The government recently unveiled a set of proposals for bringing the agriculture industry into the Emissions Trading Scheme (ETS). Heralded by some as a “sweetheart deal”, it is proposed to bring the sector into the scheme from 2025 at a 95% discount rate, meaning it will pay 5% of its total emissions cost.
Not surprisingly, the agriculture sector has welcomed the proposals. In my opinion the only way you will get buy-in from the farmers on this issue is by subsiding the cost. But the problem with this approach is that it will do very little to change behaviour as the cost will be minimal. Instead, the poor taxpayer will end up footing the bill. In my mind it’s a complete waste of time and money and only seen as a means to placate the Greens Party.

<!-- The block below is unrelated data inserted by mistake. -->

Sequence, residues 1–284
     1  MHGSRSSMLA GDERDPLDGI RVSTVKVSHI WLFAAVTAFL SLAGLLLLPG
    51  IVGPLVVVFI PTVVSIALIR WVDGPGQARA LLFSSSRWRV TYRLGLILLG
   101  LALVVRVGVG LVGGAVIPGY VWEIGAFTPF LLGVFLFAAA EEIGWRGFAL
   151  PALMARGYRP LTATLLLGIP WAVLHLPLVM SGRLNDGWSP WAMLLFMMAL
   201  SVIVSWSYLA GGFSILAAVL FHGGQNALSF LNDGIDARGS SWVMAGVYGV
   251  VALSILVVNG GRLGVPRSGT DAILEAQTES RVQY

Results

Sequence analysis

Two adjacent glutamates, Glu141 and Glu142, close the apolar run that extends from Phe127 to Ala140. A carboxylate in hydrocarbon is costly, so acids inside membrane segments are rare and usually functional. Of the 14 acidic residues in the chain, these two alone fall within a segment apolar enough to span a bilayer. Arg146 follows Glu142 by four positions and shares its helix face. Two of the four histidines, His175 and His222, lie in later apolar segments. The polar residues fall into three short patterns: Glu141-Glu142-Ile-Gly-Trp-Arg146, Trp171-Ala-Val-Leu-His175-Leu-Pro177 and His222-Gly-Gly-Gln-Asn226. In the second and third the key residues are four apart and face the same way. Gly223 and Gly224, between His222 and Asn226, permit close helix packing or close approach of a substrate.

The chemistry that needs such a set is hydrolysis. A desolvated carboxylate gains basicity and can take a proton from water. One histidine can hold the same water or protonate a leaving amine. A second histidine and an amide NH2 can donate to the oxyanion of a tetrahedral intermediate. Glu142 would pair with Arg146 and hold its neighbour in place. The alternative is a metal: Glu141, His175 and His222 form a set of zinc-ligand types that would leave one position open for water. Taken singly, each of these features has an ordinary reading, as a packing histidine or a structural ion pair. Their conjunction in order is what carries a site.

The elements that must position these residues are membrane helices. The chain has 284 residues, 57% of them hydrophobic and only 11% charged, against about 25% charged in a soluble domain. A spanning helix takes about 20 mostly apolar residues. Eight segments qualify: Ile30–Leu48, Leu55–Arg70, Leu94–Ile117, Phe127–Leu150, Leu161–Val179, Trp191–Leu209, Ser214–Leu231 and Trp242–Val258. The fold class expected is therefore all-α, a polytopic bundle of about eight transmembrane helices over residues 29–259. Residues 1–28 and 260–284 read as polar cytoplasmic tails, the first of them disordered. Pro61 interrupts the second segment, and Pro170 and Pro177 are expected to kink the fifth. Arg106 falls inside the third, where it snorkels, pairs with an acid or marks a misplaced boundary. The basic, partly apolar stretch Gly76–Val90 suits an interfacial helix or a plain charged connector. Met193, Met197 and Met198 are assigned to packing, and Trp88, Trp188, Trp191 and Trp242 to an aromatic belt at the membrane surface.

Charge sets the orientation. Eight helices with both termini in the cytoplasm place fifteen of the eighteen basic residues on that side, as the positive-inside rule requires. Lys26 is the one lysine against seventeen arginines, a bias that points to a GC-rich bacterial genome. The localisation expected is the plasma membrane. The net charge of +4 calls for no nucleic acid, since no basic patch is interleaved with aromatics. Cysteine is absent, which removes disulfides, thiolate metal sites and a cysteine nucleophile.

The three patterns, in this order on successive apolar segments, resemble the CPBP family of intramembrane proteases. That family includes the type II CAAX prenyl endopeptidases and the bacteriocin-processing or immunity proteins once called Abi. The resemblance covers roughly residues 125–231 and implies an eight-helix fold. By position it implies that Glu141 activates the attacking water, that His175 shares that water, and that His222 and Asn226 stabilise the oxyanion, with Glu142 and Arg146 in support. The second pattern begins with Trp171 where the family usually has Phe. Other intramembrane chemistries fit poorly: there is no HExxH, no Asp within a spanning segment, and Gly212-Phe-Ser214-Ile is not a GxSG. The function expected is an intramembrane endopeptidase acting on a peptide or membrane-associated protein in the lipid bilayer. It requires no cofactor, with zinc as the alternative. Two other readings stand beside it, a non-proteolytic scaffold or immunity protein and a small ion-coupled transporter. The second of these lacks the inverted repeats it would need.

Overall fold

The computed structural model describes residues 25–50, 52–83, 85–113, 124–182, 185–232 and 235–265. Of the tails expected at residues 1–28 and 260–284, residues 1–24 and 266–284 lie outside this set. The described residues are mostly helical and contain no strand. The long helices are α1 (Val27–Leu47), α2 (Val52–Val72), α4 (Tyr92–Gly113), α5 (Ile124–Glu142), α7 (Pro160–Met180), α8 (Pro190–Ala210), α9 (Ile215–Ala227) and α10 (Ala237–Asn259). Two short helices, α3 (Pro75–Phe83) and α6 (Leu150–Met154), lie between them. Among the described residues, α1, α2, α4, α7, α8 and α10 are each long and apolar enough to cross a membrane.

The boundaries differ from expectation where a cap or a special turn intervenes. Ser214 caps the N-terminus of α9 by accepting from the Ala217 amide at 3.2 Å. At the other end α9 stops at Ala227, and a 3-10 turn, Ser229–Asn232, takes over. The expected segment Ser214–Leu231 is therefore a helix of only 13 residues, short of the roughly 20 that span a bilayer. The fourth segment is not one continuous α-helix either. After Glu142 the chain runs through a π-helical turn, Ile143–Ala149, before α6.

This whole issue of targeting the New Zealand farming industry with the Emissions Trading Scheme in my book is unfair, mainly because we are not the biggest emitters of carbon. Until larger countries such as the UK and US, who practice indoor/non-grass feeding systems, get their acts together we are not going to see a reduction in carbon emissions, no matter how New Zealand reacts.
It seems to be a very illogical and irrational approach to target an industry that is still the biggest earner in our country. Penalising the farming industry, which is our largest GDP contributor and who probably has the smallest carbon footprint of all agricultural nations, doesn’t make any sense to me. The downsides far outweigh the upsides.